In the case of a violation of subsection (a) of this section involving — (iii) 50 grams or more of a mixture or substance described in clause (ii) which contains cocaine base . . . such person shall be sentenced to a term of imprisonment which may not be less than 10 years or more than life. . . . If any person commits such a violation after a prior conviction for a felony drug offense has become final, such person shall be sentenced to a term of imprisonment which may not be less than 20 years and not more than life imprisonment.
21 U.S.C. § 841(b)(1)(A).
Section 846 states: "Any person who attempts or conspires to commit any offense defined in this subchapter shall be subject to the same penalties as those prescribed for the offense, the commission of which was the object of the attempt or conspiracy." 21 U.S.C. § 846.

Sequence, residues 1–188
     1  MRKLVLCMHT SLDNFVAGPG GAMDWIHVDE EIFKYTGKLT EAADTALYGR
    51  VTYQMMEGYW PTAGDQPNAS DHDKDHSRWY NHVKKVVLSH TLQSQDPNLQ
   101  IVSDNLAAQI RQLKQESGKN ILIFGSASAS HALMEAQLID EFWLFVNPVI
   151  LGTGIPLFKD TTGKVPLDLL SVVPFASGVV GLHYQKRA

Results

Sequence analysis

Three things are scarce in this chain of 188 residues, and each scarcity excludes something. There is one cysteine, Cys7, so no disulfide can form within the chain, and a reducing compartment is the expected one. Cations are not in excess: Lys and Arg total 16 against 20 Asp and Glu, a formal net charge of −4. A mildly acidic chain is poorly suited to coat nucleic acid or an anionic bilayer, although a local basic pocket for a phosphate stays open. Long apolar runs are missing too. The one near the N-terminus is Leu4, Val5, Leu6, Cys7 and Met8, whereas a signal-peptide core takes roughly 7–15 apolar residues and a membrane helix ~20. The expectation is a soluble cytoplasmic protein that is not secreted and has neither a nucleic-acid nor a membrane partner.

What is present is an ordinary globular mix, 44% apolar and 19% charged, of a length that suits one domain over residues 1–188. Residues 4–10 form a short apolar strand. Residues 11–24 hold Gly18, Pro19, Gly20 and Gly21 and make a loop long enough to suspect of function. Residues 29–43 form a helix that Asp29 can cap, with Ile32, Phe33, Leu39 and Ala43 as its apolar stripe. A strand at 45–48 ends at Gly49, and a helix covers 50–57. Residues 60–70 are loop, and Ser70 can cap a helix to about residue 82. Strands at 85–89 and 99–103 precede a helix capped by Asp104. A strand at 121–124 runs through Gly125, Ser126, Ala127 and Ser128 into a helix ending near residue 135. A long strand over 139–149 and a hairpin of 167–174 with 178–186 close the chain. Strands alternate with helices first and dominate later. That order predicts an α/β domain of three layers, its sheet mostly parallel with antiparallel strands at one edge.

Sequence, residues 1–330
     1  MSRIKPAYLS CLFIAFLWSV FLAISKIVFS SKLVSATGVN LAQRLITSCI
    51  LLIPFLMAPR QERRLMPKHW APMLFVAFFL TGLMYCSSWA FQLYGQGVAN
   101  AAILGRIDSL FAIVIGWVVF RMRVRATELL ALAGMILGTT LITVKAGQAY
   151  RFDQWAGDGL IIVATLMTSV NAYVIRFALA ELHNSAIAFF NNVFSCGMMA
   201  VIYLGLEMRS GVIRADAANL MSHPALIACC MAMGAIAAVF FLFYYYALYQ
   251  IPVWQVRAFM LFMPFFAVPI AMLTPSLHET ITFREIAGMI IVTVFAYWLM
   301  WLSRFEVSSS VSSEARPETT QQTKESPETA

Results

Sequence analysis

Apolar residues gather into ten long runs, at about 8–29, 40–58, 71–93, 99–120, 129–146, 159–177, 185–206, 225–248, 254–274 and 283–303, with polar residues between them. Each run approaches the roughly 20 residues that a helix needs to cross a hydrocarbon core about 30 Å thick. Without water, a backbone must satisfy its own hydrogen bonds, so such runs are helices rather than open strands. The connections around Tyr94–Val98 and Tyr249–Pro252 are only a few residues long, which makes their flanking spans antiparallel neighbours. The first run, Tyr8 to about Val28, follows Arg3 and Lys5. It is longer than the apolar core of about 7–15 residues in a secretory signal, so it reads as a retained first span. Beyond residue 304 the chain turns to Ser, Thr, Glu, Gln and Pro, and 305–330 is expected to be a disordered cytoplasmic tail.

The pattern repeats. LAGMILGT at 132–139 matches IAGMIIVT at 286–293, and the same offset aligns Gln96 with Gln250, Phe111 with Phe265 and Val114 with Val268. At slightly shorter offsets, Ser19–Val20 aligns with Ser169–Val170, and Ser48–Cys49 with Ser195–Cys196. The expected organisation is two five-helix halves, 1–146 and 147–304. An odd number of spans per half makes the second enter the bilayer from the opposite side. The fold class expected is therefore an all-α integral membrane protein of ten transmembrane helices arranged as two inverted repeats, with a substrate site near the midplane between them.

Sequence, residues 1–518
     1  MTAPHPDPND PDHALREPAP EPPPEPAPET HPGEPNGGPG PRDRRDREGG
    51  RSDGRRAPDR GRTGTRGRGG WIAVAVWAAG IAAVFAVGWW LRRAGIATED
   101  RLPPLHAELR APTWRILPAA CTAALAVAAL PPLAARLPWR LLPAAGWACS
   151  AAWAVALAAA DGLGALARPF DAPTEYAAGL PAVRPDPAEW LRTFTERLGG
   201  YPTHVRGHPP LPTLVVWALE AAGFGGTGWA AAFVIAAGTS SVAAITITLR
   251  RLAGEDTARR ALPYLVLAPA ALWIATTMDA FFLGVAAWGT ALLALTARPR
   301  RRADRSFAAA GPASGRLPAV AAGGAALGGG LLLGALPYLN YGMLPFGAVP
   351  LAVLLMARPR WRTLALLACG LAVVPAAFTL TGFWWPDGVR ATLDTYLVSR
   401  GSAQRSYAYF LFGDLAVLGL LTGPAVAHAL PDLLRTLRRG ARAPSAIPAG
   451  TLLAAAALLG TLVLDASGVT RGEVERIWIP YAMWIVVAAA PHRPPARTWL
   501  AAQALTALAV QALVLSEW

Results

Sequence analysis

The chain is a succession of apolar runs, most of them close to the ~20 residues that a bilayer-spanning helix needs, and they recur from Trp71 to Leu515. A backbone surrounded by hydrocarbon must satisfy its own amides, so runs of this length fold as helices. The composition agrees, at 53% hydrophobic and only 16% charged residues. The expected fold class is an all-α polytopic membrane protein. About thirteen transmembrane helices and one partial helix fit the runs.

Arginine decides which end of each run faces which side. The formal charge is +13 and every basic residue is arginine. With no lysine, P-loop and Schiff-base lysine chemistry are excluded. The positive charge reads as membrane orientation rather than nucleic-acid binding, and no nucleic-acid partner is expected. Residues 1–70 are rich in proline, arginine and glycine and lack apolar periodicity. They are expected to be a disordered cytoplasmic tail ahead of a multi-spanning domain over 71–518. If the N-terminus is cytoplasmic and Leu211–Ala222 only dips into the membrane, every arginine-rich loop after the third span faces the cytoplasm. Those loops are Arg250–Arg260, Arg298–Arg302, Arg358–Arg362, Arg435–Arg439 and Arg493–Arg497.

Notwithstanding this omission in the instructions, the defendant was found guilty on this count and he was subsequently sentenced to 312 months for this offense. Because no drug amounts were included in the jury instructions for this count, Apprendi requires the statutory maximum for this offense to be determined without reference to any quantity of controlled substance. While § 841(b)(1)(C) explains that the statutory maximum for the offense charged in count one, without mention of any specific quantity of drugs, is twenty years, or 240 months, it also explains that when "any person commits such a violation after a prior conviction for a felony drug offense has become final, such person shall be sentenced to a term of imprisonment of not more than 30 years." Thus, because of Jones' prior state felony drug conviction, the statutory maximum for his offense under § 841(b)(1)(C) is thirty years, or 360 months. This enhancement was the result of Jones' prior conviction, a fact explicitly excluded from the requirements of Apprendi by the Supreme Court. See Apprendi, 530 U.S. at 488-92, 120 S.Ct. at 2362-63. Furthermore, we have repeatedly held that "when a defendant is sentenced to a term of imprisonment within the statutory maximum for the crime of which he was convicted, ` Apprendi is beside the point.'" United States v. Williams, 238 F.3d 871, 876-77 (7th Cir. 2001) (quoting Talbott v. Indiana, 226 F.3d 866, 869 (7th Cir. 2000)). Thus, because Jones' sentence was forty-eight months below the statutory maximum for a defendant who has a prior felony drug conviction, Apprendi is inapplicable, and the conviction for count one will be affirmed.